Tod Browning, who was known for directing Dracula and other scary feature horror films, continues in that vein with Freaks. In a bit of a twist, instead of the freaks being oddities, they are the main characters. It is the “normals” who are the ones who act as if they are in the sideshow. The film is filled with real-life sideshow professionals: Siamese twins, microcephalics, midgets, a bearded lady, and men and women missing limbs. There are details on all the major performers (by section) in the featurette on the film. There are a few side-plots throughout the movie centering on romance and jealousy between different characters, but the main plot centers around a male midget and the lovely, cruel vixen trapeze artist. She views the freaks as subhuman and only conceals her disdain for them while she tries to cajole money from Hans, a midget who is rumored to have a fortune hidden away. Hans and Frieda (another midget) are an item, but the sultry, tall woman is too much for Hans. He gives her gifts and eventually marries her. When it becomes apparent he has made a colossal mistake—she has been trying to poison him–it is almost too late. But the code between the freaks is strong and they will have their revenge on those who have wronged them or their kind.
The Prologue details some of the mythology (that many may still hold true) regarding those who have the misfortune of being deformed at birth. The text explains the necessity to develop a rigid set of rules held by those considered to be “freaks” and implications and the seriousness of breaking those rules. The story is based upon this premise and suggested by Tod Robbins’ story “Spurs.” The result is a bit of a documentary, a Hollywood film, or even a soap opera whose main characters are members of the sideshow. The film only took 36 days to complete, but it was a huge risk for Browning. Never before (or since) has there been such a film, and the reaction of the public as a whole was less than pleasant. Many rumors suggest people were running from the theater in horror, screaming. Even with this shaky introduction, the film managed to stay in theaters for a short time before it was banned completely. It wasn’t until the 60s that the film was rediscovered. In 1994, the film was selected for the National Film Registry’s archive of cinematic treasures.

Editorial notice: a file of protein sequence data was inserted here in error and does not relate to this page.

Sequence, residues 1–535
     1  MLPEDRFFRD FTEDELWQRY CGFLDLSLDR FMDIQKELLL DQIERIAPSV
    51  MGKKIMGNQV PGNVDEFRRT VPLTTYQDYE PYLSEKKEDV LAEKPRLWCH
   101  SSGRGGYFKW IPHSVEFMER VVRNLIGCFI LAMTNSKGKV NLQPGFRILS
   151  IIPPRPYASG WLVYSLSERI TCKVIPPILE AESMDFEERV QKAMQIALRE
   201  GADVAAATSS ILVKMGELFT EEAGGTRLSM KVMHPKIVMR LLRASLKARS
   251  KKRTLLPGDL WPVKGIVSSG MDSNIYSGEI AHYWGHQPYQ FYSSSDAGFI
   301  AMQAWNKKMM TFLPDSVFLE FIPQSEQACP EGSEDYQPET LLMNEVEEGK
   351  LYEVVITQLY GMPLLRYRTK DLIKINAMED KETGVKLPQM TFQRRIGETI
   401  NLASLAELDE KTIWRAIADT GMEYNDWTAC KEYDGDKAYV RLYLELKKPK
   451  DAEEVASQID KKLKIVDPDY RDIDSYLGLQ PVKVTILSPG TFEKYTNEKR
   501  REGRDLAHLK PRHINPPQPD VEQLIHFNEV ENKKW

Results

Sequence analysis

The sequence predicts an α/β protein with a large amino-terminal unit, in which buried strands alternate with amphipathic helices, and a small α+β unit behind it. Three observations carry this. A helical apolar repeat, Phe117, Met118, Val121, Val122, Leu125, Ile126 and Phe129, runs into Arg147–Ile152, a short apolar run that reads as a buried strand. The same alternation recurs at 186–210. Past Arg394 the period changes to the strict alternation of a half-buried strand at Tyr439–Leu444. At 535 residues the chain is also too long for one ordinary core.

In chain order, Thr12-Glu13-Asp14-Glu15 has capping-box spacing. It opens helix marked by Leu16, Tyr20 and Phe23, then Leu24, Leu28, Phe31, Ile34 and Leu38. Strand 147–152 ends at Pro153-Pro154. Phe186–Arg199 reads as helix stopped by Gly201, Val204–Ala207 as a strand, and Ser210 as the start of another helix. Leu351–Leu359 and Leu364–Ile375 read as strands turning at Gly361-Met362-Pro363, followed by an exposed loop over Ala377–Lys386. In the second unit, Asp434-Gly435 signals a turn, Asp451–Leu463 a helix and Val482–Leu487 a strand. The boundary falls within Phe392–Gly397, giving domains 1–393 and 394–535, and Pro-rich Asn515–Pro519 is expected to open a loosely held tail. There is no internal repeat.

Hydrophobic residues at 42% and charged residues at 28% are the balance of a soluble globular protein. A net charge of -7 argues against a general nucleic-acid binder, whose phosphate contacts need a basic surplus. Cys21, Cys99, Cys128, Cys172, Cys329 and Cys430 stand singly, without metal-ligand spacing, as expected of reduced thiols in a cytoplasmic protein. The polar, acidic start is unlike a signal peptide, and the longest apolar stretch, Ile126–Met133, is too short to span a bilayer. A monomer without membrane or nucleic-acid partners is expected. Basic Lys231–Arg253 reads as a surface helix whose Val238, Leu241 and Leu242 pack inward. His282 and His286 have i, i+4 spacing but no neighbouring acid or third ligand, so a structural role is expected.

Browning was having a difficult transition from silent films to talkies and that shows with this production. The authenticity of the actors can’t be questioned (at least the freaks), but the real circus performers aren’t professional actors. By today’s standards this may be a little bothersome. Taken in today’s context of a horror film, this one won’t scare you out of your seat, although the ending sequence (which is still a shortened/edited version of what was originally intended) is, in many ways, uncomfortable to watch. One of the advantages of watching the film today is the audience will not be overly distracted by the look of the characters in the film and can instead concentrate more on the story. As one of the commentators in the featurette suggests, it is this loss of shock by the audience that will open up the door to identify with the freaks in the film. It further allows the viewer to understand the attitudes and prejudices and be able to apply them to everyday life in the present. This realization is what makes the film relevant to viewers today, and elevates the film to cult masterpiece.
The Cat and the Canary (1927)
Also Short: Haunted Spooks – with Harold Lloyd
Starring Laura La Plante, Creighton Hale
Director: Paul Leni
Studio: Blackhawk Films/Image Entertainment
Video: 4:3 silent format, Tinted B&W